Example Cube YAML file:

  - name: users
    # ...

      - name: lambda
        type: rollup_lambda
        union_with_source_data: true
          - CUBE.batch

      - name: batch
          - orders.count
        time_dimension: users.created_at
        granularity: day
        partition_granularity: day
          sql: SELECT '2020-01-01'
          sql: SELECT '2022-05-30'

In dbt, the Semantic Layer comes with all dbt Cloud accounts, and you need a dbt project set up to use it. Users can build semantic models that include metrics, which are explicitly defined using YAML files like any other dbt asset, and add it to your dbt lineage. Aside from the YAML declaration of semantic models, dbt offers APIs so developers can develop custom connections to dbt semantic models, and pre-built connectors to Tableau Cloud, Mode and Google Sheets. Unlike Cube, dbt uses your data platform for results caching.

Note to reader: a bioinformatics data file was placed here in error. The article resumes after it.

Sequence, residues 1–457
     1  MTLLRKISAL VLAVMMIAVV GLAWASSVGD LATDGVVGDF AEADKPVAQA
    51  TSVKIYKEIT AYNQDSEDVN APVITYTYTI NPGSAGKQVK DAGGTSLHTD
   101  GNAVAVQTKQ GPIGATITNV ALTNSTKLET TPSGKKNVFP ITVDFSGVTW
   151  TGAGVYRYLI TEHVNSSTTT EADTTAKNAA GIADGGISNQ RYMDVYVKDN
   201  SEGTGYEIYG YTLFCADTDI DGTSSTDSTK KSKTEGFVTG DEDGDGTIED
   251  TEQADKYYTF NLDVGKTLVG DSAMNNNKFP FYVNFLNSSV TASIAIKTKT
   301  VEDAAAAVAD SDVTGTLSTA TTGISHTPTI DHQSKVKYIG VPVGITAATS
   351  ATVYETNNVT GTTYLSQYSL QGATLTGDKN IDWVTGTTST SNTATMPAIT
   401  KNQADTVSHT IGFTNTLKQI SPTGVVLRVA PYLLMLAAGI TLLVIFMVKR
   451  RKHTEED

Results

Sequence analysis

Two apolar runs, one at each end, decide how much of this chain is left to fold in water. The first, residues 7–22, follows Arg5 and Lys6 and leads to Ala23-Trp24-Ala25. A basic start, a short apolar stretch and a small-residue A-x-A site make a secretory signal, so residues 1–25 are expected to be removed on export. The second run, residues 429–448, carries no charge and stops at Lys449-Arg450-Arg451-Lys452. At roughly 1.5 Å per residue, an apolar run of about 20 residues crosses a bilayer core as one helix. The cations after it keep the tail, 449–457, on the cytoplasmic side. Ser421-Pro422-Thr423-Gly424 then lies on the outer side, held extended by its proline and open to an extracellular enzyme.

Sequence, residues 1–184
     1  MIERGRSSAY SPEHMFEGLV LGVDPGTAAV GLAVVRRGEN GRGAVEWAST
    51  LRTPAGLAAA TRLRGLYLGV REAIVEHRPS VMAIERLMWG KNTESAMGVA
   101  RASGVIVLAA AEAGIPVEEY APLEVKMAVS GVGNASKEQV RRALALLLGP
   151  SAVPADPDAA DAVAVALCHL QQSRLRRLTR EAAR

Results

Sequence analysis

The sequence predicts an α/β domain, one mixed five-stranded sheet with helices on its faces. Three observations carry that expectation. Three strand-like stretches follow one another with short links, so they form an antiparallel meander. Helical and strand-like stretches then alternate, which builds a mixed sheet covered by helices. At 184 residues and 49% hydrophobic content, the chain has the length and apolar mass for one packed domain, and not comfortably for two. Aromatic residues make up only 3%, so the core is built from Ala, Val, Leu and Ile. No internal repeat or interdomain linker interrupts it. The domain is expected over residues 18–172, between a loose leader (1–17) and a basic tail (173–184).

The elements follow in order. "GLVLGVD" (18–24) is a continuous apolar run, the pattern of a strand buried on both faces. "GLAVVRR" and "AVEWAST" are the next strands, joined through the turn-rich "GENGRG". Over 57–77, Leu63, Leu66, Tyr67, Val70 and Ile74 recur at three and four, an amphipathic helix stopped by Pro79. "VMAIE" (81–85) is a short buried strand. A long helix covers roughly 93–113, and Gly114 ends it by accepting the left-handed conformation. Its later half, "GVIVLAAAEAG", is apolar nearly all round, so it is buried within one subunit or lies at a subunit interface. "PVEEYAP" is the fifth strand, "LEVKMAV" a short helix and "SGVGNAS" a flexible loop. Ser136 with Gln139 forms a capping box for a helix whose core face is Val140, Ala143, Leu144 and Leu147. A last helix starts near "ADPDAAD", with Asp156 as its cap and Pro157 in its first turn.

Example of dbt syntax:

  name: orders_monthly
  description: orders_monthly #Metadata that will appear in dbt docs
    agg_time_dimension: ds   #Date Field
  model: ref('orders_monthly_source') #Reference to an upstream model in our dbt project
    - name: orders_monthly_source #Column Name that Users will see
      agg: sum                         #Default Aggregation
      create_metric: true
  primary_entity: order_id #Primary key

Tableau Pulse, on the other hand, is a feature of the overall Tableau ecosystem. In the UI, users can build metrics on published data sources in their Tableau cloud. For other tools to leverage metrics created in Pulse, developers must build a custom integration using the Pulse REST API.

Consideration 3: Performance and Cost Management